Director: John S. Robertson
Writer: Clara S. Beranger
Cast: John Barrymore, Brandon Hurst, Martha Mansfield, Charles Lane, Cecil Clovelly, Nita Naldi, and Louis Wolheim
Release Date: 3/18/1920
MPAA Rating: Not Rated
Dr. Henry Jekyll (John Barrymore)—a philanthropist and scientific researcher—is met with disapproval from the father of his fiancée Millicent (Martha Mansfield), Sir George Carew (Brandon Hurst), who claims that one must yield to temptation in order to truly conquer it. Thereafter, Dr. Jekyll performs an experiment that allows him to satisfy his immoral cravings through an alter ego known as Mr. Edward Hyde—with an unanticipated side effect.
The first feature-length adaptation of Robert Louis Stevenson’s Strange Case of Dr. Jekyll and Mr. Hyde, this offering employs gothic horror tropes to explore the inner struggle between good and evil. Fans of the Jekyll/Hyde legend may therefore enjoy this film, which, though quite primitive by today’s standards, benefits from a dark and terrifying twist on the predicament of its main character(s).
It should be mentioned that certain grotesque make-up appliances (e.g. a cone-shaped piece for the top of John Barrymore’s head) add an air of malevolence to the external characteristics of Mr. Hyde. Especially remarkable, however, are the physical aspects of Barrymore’s performance, which, by emphasizing contortions and convulsions of a most unnatural variety, reinforce the concept of a sinister, implicitly demonic force possessing the body of a once kind and noble figure.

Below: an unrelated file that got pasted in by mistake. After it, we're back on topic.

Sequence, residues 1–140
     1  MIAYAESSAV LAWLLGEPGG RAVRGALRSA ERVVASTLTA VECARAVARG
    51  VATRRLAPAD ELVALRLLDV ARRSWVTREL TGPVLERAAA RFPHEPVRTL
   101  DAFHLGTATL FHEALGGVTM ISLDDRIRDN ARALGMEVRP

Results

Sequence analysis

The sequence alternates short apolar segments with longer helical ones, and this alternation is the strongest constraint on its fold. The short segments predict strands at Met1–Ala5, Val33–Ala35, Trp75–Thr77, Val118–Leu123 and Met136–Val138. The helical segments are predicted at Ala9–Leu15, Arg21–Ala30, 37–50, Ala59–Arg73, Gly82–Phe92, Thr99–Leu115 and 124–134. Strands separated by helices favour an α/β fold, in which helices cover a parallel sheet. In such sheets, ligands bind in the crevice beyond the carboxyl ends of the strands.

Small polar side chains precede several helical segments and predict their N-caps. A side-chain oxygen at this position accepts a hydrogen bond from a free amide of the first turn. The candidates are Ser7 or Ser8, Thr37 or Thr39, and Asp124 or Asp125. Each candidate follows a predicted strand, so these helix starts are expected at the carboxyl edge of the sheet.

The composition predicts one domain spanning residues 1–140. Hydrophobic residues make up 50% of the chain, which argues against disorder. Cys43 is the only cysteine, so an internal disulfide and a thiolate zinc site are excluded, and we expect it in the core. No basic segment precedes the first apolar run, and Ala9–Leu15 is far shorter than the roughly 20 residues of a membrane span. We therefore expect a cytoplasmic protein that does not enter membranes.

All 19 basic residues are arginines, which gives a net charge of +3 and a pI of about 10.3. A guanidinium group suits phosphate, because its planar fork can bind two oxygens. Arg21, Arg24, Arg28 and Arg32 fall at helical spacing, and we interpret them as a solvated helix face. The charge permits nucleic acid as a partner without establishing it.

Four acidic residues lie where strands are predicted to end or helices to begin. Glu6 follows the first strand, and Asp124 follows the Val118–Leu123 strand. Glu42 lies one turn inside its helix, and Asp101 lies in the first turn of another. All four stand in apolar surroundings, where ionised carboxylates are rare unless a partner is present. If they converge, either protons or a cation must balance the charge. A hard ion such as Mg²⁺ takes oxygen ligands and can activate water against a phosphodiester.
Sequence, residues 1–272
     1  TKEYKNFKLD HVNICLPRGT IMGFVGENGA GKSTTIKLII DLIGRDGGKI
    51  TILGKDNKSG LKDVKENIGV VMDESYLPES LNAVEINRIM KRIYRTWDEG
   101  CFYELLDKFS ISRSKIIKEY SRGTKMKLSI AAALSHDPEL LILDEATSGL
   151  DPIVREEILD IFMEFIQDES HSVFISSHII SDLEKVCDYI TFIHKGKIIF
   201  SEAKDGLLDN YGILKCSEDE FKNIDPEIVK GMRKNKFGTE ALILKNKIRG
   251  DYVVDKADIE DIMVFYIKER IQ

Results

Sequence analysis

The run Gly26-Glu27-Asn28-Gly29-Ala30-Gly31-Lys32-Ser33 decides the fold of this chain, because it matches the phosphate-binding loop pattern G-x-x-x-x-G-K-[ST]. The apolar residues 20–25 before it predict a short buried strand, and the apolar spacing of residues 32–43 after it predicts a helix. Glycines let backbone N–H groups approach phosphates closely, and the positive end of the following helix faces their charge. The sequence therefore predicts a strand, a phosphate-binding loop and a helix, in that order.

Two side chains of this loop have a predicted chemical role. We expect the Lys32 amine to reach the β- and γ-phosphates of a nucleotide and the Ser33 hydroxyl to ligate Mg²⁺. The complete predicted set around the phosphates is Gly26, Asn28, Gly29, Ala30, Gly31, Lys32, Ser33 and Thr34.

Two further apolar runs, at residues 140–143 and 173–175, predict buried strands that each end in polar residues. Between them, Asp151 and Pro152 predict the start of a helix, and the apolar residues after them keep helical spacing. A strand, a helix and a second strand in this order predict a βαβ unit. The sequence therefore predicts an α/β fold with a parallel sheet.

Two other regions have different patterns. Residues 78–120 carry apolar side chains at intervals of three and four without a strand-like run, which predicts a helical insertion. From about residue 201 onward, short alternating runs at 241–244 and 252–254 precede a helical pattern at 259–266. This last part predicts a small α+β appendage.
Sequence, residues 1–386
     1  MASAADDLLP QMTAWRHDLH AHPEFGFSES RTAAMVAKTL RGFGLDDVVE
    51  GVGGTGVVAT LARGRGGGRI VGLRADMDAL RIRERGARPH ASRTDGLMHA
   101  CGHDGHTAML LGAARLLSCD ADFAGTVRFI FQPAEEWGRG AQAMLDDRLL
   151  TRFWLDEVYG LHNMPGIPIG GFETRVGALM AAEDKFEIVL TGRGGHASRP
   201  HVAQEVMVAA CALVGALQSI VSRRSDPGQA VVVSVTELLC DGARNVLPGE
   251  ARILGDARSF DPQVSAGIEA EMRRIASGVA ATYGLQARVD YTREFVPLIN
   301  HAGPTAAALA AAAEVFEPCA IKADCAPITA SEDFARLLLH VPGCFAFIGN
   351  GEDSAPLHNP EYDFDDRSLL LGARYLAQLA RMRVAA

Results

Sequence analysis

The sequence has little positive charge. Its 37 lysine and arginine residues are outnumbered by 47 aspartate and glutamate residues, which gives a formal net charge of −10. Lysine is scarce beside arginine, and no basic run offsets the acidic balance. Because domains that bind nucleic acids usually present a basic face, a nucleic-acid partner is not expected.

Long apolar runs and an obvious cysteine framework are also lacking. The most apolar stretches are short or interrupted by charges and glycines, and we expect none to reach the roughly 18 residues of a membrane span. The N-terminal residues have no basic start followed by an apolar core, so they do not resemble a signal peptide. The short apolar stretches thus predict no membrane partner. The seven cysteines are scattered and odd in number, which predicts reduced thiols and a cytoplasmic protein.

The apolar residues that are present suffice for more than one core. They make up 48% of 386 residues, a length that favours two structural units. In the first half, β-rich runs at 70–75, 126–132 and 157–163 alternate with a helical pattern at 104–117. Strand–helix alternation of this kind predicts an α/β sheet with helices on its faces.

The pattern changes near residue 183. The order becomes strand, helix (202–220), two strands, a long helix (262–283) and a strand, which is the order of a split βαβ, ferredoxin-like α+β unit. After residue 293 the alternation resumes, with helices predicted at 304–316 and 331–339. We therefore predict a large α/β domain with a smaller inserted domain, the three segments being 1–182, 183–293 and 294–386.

Further complementing the gothic atmosphere of this film, many surreal and dreamlike images embody the spiritual conflict between Jekyll—the exemplification of all things good, holy, and righteous—and Hyde, a manifestation of the selfish and barbaric impulses that mar the human condition. The spider sequence contains a particularly haunting example of such, with an object of great fear and revulsion representing the hideous, unevolved nature of Hyde in his unbridled form.
Dr. Jekyll and Mr. Hyde is hampered by languid pacing, dated visual effects, and melodramatic performances—all drawbacks of nearly every film produced during the silent era.
One should note that this production highlights in tremendous detail the charity work of Dr. Jekyll, who, in the early scenes, forgoes personal pleasure while assisting the unfortunate members of his community, eventually prompting him to seek an outlet for his then repressed urges—possibly a commentary on how one must achieve a balance between both facets of human nature, here described in terms of good and evil, to maintain a healthy and functional existence.
Dr. Jekyll and Mr. Hyde should be commended for its phenomenal transformation sequences and thoughtful examination of Stevenson’s now iconic narrative premise. The technical shortcomings of this film may, however, receive criticism from the majority of modern audiences.
Overall Quality: 8/10
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